Grapevine 2.0

CONTEXT:

After a summer of learning and developing my UI skills, I wanted to rework a project from the end of the last school year. Grapevine was a project I was proud of, and one that’s still in the development stages, but there were a lot of elements that I wanted to fix personally and after getting feedback from pitch night.

This isn’t a new features list; this is my thought process laid out and justifying the changes I made to 2.0.

View Version 1.0 Here.


INSIGHT:

There are so many food delivery services on the market, but with so many options, it’s hard to comb through all of them to find the cheapest delivery options or find the one that will satisfy your appetite the fastest.


IDEA:

The food delivery market is estimated to be $210 billion. When surveyed, 80% of particpants ages 17- 27 use food delivery services, meaning that they have multiple applications on their phone. With so many choices of delivery options, including UberEats, Postmates, and GrubHub, it is time-consuming to find the cheapest and fastest delivery option.

Grapevine is a food delivery service aggregator that compares top services and presents the cheapest and fastest option. It also aims to provide a social feature where users can “bill split” between nearby friends to split delivery or food costs. Grapevine aims to make the entire food ordering process streamlined, providing a platform from search to checkout.

The main changes were made through prioritizing what mattered when ordering food through our service. Font sizes and target areas are bigger after constant mirroring and testing onto my small iPhone SE. I also made interaction results more consistent, using paging and modals, and removing popovers that didn’t make sense.

It took me a while to get past the category listings of the food items as the home page, but it didn’t make sense for that to be the first screen. Grapevine is focused on comparing prices and time so having that more prominent on the home page, along with custom recommendations for convenience is what mattered more to the mission.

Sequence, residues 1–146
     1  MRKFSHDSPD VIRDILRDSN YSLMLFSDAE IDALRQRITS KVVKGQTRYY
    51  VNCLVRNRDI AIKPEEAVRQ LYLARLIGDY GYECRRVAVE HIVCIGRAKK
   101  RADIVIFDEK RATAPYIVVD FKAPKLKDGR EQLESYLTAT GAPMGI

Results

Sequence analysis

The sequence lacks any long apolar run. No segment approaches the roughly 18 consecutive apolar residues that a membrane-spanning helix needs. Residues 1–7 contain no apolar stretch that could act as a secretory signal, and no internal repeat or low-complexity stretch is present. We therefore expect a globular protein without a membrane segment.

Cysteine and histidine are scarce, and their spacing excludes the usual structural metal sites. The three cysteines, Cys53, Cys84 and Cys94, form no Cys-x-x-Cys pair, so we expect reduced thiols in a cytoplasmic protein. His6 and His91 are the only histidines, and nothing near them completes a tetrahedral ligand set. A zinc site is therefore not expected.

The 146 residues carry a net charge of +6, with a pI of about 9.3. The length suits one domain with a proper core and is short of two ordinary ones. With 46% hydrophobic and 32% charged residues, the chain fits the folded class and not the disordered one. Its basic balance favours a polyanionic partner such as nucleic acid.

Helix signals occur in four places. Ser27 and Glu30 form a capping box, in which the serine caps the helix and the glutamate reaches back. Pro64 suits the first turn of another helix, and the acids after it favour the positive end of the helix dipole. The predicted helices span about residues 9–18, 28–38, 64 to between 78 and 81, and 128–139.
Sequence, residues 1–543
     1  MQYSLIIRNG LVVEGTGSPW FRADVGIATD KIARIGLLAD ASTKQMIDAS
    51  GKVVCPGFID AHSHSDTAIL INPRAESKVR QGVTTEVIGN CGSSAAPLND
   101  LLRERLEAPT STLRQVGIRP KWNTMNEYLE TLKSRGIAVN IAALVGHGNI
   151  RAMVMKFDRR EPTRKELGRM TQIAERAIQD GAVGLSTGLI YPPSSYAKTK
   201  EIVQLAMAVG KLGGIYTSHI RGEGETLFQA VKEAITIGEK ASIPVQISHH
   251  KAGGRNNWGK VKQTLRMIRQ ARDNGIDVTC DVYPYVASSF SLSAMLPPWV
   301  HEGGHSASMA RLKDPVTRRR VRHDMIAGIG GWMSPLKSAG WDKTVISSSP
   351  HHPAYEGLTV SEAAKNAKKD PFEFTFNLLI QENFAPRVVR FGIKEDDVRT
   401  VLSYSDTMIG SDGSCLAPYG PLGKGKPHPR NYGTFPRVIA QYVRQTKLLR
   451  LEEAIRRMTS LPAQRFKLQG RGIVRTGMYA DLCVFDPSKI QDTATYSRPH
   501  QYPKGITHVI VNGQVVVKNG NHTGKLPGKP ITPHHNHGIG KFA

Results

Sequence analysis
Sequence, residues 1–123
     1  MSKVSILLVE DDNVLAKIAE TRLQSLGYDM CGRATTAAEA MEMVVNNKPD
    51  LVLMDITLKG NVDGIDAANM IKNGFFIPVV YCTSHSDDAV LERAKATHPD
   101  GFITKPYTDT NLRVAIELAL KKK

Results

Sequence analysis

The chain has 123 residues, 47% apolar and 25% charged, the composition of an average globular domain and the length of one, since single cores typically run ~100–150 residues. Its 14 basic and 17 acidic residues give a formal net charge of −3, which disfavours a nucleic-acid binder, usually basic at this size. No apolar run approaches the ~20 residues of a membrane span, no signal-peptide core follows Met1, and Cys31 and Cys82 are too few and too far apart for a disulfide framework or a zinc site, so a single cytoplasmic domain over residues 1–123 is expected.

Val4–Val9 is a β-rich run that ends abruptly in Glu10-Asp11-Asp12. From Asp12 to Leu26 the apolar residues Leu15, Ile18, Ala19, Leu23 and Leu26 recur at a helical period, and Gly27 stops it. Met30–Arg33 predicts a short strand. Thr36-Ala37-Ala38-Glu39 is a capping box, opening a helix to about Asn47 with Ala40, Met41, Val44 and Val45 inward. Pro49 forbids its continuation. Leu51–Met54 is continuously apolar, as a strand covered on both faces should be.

Fonts were darkened for legibility, the address was placed at the top for targeted results, and the search bar was pulled down because it was the most common interaction a user would have. The categories that used to be front and center were moved inside the search page since they correlated with the search process.

I debated between keeping Filters in the top bar because it wasn’t universally used throughout the flow. However, including it on the home screen allows the user to filter through all nearby restaurants, instead of being limited to a search phrase.

Another change was having the tab bar moved to the bottom, consistent with iOS guidelines. Although I was previously viewing it as a segmented controller before, this format didn’t allow for it to be consistently shown throughout the flow. Being able to switch over to the social tab was necessary, especially in checkout, to view last minute requests without starting over.

Information about the restaurant, including a location confirmation before finding out delivery times, was taken out of a popover and added to the page itself. This was done because of all the micro-interactions that could be done with the information, including linking to Yelp and changing the drop off location.

In the delivery service page, the column format was kept. Some options aren’t able to be selected if the minimum order amount isn’t met, and a purple text color is used to indicate which partner is the fastest or cheapest for a quick comparison glance.

A big change in the flow was reversing the partner comparisons and the menu screens. Having the comparisons beforehand worked to see the costs upfront, but because there was no order data, the prices and time depended on minimum estimated orders. Moving the menu before choosing the delivery service allows for more accurate cost estimates, and if the minimum order isn’t reached, then the user can go back and add more items or choose a different service.